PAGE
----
Abraham Lincoln will forever, and rightly so, be known as the great emancipator.
The one thing that everyone knows about Lincoln is that he did, indeed, free the slaves.
In fact, it was on September 22, 1862, President Abraham Lincoln issued a preliminary Emancipation Proclamation, freeing more than three million black slaves in the Confederate states as of January 1, 1863.
It was the culmination of the efforts of so many abolitionists. It was in 1861 that there was a bifurcation within America. One of these two groups were the collection of southern states known to history as the Confederacy. The second group was, of course, the collective of northern states known as the Union. It is fairly well known to even those ignorant of history that it was the Confederacy that had to be convinced of the inherent and endemic evils contained within the industry of Slavery and the, to put it this mildly, disagreement, was one of the underpinnings that led to the American Civil War. By the beginning of 1863, the Union had been so successful in its wartime endeavor that Lincoln was bolstered to the point of codifying the repudiation of the evils of slavery in what is now the Emancipation Proclamation.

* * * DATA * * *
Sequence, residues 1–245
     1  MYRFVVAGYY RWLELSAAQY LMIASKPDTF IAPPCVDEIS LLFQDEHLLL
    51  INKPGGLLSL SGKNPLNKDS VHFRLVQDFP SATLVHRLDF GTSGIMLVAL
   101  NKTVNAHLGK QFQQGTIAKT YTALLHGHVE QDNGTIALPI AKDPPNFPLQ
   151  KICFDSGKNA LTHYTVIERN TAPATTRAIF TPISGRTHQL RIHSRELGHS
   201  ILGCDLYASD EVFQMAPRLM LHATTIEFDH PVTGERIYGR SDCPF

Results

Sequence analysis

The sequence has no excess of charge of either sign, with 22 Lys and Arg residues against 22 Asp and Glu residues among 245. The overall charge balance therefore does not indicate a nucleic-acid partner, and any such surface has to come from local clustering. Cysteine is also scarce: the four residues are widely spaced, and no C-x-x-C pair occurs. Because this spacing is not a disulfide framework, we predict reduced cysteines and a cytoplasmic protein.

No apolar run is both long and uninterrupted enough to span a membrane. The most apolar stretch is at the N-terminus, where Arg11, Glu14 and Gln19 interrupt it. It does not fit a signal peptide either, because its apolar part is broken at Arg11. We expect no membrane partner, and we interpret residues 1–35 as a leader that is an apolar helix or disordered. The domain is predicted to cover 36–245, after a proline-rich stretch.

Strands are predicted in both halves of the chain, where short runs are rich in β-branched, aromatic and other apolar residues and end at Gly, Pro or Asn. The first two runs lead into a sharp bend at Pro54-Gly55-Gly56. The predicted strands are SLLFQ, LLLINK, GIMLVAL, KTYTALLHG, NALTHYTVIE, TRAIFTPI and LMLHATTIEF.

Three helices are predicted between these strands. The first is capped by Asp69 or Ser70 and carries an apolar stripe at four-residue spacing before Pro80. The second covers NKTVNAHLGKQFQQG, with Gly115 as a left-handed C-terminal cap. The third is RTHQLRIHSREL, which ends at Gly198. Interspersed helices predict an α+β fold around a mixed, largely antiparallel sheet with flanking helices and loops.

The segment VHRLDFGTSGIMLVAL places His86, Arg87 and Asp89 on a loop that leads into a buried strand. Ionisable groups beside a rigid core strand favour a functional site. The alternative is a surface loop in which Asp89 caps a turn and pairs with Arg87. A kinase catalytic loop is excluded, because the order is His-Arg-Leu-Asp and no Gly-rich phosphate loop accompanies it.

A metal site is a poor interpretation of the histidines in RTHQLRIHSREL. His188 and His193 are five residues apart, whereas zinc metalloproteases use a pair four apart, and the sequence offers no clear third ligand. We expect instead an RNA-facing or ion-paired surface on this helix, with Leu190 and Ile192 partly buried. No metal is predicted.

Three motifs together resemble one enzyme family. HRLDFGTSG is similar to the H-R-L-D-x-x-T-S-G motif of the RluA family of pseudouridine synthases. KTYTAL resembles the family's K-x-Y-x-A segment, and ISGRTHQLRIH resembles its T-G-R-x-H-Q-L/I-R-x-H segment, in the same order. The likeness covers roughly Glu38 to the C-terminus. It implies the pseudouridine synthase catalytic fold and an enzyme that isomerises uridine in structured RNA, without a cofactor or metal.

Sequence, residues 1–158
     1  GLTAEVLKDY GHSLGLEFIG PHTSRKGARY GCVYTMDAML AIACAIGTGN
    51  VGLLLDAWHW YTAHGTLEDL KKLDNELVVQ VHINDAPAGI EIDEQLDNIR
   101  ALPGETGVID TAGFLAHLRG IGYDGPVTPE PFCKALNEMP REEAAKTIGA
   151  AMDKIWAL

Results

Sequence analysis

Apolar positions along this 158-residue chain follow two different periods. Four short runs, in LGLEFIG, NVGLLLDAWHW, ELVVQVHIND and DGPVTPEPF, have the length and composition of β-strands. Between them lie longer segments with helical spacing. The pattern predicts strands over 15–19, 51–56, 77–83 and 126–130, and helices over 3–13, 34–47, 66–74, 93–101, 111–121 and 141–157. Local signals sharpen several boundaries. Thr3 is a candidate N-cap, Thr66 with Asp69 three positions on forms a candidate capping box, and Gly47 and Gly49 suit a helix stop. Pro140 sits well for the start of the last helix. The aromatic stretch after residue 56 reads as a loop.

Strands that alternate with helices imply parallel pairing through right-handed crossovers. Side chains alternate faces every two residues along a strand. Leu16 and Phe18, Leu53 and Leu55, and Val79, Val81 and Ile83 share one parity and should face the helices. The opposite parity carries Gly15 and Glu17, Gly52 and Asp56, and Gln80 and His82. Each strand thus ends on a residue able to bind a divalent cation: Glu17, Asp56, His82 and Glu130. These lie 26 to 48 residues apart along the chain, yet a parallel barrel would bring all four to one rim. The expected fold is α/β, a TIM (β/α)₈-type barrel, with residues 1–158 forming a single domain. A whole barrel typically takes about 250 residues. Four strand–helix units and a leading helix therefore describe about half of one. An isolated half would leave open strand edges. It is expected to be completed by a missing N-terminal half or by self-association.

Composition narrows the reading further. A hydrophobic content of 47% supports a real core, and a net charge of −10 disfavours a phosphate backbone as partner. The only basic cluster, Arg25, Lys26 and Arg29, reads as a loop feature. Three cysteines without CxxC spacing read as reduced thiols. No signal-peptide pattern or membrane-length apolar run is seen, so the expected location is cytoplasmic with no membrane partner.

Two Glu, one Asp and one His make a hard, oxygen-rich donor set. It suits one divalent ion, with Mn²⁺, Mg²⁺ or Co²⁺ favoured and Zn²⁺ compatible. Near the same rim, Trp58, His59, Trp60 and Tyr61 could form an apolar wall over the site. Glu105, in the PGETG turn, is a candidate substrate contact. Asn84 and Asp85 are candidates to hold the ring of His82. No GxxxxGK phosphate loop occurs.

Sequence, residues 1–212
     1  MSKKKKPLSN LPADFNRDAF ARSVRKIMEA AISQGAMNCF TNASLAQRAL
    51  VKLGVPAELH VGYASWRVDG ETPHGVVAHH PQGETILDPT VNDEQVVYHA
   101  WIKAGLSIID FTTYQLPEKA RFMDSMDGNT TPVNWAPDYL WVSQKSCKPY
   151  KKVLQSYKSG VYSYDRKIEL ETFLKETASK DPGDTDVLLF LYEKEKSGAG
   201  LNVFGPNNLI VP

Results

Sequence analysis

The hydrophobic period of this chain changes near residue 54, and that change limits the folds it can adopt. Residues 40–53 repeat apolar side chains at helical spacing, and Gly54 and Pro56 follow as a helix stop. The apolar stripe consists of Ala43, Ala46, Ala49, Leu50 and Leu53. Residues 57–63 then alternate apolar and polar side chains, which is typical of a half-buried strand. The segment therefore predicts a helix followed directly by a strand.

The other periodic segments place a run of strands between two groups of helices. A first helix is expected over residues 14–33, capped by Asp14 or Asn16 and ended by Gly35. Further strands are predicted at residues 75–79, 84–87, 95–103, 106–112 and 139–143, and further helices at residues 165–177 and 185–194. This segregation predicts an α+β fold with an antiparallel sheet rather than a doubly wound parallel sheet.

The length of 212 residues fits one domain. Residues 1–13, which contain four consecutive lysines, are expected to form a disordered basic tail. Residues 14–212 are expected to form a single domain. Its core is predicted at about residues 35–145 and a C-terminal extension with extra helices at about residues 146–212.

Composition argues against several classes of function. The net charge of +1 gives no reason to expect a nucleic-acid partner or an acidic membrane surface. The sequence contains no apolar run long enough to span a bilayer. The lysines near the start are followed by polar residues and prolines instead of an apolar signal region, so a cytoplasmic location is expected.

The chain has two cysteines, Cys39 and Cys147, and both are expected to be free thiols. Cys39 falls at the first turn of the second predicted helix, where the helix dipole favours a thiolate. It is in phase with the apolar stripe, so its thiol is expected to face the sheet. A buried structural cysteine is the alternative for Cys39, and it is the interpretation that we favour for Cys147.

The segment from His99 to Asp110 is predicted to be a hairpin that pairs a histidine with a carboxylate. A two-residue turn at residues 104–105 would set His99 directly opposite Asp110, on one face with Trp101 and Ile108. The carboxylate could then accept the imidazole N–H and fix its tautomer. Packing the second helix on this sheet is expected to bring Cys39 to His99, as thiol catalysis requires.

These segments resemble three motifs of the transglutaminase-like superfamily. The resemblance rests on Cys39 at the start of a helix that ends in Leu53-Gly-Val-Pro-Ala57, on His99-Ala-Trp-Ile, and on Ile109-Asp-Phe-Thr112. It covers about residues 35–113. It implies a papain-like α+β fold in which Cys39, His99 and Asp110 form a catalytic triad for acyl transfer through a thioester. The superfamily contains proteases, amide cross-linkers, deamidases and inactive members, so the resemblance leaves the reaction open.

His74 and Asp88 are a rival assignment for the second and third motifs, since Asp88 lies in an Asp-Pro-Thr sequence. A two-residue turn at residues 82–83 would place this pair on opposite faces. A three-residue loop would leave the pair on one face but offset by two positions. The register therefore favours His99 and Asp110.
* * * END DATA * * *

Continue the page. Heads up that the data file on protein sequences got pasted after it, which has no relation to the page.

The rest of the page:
It was reported by the archives that from the first days of the Civil War, slaves had acted to secure their liberty. The Emancipation Proclamation confirmed their insistence that the war for the Union must become a war for freedom. It added moral force to the Union’s cause and strengthened the Union both militarily and politically. As a milestone along the road to slavery’s final destruction, the Emancipation Proclamation has assumed a place among the great documents of human freedom.
According to history.com, Lincoln didn’t free all of the approximately 4 million men, women, and children held in slavery in the United States when he signed the formal Emancipation Proclamation the following January. The document applied only to enslaved people in the Confederacy, and not to those in the border states that remained loyal to the Union. But although it was presented chiefly as a military measure, the proclamation marked a crucial shift in Lincoln’s views on slavery. Emancipation would redefine the Civil War, turning it from a struggle to preserve the Union to one focused on ending slavery, and set a decisive course for how the nation would be reshaped after that historic conflict.
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